After a good dinner one can forgive anybody, even one’s own relatives. Oscar Wilde
My family and I are from all over. My mother is French, my father Chinese, my husband is Icelandic and a quarter German, my grandfather was Polish… Une famille bien mélangée as one would say. French is the main language at home, but so is English, followed by Icelandic and Chinese (Mandarin). Whatever works.
Culture defines who we are and enables us to express ourselves. When you have so many different ones within your family, you start combining all sets of beliefs and try to be as open-minded as possible. I call it wisdom.
I have been so inspired lately by the Thanksgiving preparations from my friends and fellow bloggers. Having been invited to a few Thanksgiving events in my life mostly through American amis, I have never had a chance to truly celebrate it at home. So last night, I decided to prepare a little French Thanksgiving repas familial.
We are all so busy, so caught up in our daily lives that any reminder to stop and think ‘What am I thankful for’ is wonderful. It’s a beautiful thought, and there aren’t enough of those these days.
I am so thankful for my family, they are my love and inspiration, my raison d’être. It’s been two years since we embarked on an adventurous move to Médoc. It’s been a sensational world of discoveries, stimulation and revelations. I love the nature that surrounds us, the new friends we have met, the freedom we give to our dogs, the joy we share at the table.
One of the perks of living in this part of France is being able to drop by a château to buy wine. I recently went to château Lanessan to get a few good bottles and walk through the vineyards. I always make sure to bring my friends there. We enjoy the wine-tasting and visiting the property surrounded by beautiful horse stables. It’s one of my favourite châteaux in Médoc, so enchanting in its neo-Tudoresque style. There’s something terribly romantic about that place. It certainly stirs one’s imagination. My children call it the Scooby-Doo ghost castle, I call it the ‘Bonjour Tristesse’ château.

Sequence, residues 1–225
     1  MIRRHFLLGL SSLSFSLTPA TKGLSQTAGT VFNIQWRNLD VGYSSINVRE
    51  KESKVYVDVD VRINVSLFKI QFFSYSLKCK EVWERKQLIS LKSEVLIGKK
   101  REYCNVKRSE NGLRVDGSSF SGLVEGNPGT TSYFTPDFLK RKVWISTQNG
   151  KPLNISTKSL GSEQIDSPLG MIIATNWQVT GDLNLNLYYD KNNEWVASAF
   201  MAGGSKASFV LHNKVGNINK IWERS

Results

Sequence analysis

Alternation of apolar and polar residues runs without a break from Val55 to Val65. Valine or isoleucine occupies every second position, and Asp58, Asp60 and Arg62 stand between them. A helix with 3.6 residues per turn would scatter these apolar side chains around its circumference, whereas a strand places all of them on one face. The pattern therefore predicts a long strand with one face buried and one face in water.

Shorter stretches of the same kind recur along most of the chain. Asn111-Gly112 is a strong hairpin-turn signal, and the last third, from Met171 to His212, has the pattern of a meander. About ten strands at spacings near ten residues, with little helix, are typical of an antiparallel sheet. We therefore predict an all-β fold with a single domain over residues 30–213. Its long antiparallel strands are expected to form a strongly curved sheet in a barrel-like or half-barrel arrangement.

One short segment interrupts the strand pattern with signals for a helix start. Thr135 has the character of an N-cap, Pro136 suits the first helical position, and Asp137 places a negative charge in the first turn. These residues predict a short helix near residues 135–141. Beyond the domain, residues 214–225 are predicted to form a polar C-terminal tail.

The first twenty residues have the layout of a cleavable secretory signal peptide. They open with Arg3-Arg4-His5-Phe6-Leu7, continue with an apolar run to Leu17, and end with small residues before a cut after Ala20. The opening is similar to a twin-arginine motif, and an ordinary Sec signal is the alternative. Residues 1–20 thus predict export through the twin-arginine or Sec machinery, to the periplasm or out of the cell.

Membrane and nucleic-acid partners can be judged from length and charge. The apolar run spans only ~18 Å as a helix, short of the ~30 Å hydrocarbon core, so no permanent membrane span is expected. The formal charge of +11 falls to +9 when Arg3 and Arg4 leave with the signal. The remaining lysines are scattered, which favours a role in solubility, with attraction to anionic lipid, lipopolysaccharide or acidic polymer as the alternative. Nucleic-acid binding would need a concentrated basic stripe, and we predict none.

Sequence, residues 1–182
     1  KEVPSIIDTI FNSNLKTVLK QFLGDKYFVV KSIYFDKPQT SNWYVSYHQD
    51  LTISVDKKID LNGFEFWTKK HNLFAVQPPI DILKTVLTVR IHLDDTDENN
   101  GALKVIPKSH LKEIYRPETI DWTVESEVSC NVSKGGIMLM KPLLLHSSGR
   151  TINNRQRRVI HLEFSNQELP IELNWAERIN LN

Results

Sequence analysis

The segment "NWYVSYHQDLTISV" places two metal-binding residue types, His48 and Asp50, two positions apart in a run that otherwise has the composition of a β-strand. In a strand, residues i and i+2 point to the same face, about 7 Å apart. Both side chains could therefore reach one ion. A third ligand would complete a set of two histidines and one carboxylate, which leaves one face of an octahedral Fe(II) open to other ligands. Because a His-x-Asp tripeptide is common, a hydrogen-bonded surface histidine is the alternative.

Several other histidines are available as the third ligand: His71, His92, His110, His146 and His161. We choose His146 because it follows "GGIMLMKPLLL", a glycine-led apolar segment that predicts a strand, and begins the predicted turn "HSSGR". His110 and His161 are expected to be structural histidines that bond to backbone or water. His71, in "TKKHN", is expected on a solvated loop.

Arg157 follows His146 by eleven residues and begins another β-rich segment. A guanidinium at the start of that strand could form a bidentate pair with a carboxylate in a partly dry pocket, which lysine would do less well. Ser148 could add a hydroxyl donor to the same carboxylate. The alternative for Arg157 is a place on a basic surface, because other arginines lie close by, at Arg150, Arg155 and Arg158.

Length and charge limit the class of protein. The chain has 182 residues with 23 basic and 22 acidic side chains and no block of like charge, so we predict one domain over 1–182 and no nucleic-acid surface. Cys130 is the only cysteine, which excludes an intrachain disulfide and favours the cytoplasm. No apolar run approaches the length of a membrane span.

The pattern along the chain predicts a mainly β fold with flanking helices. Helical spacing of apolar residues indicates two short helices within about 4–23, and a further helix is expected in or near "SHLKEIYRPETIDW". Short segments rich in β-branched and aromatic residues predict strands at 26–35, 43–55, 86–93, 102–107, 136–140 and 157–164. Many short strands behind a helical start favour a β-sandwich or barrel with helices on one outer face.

Right here, right now, the best place to be is in the vineyards. The golden leaves are dancing away from the autumn wind, soon the trees will be bare leaving me chagrined. For now, I am reflecting on the honeyed caramel hues, so pleasurable to the eye and to the soul. Could these gourmand colours be an appetite opener? I would like to think so.
So here was the menu for my improvised Thanksgiving. We started with a potage de topinambours (Jerusalem artichokes) with parsnip chips. Just the word topinambour sounds so festive, like a soup with drum beats! We then enjoyed a cocotte de daube de boeuf (beef stew) with autumn vegetables. For dessert, I chose my all-time favourite, a Mont-blanc. It’s my version of a Mont-blanc (classic dessert that looks like snow-capped mountain), a meringue with whipped cream, the all mighty god of all goodies crème de marron, and marrons glacés (chestnuts candied in sugar and glazed). It’s about time I share my love and passion for chestnut vanilla cream from Clément Faugier. I am a huge fan since I was a kid, eating it straight from the pot or mixed with fromage blanc. It’s a cream made of chestnuts, vanilla and sugar. I hope you can all get it, one way or another, for it is my most treasured péché mignon (sweet weakness)!
As if our family tree was not complicated enough, it recently grew a few more branches. Our dog family is as diverse as the human one. We have two new additions, an American and a Hungarian. Miss Honey Bee, (a smooth fox terrier from American lines) and Luc (another smooth born to our two wonderful Hungarian imports Yul and Sky). Now that’s something to be thankful for!
Ingredients: (Serves 4-6)
500 g/ 1 pound topinambours-Jerusalem artichokes (peeled and sliced coarsely)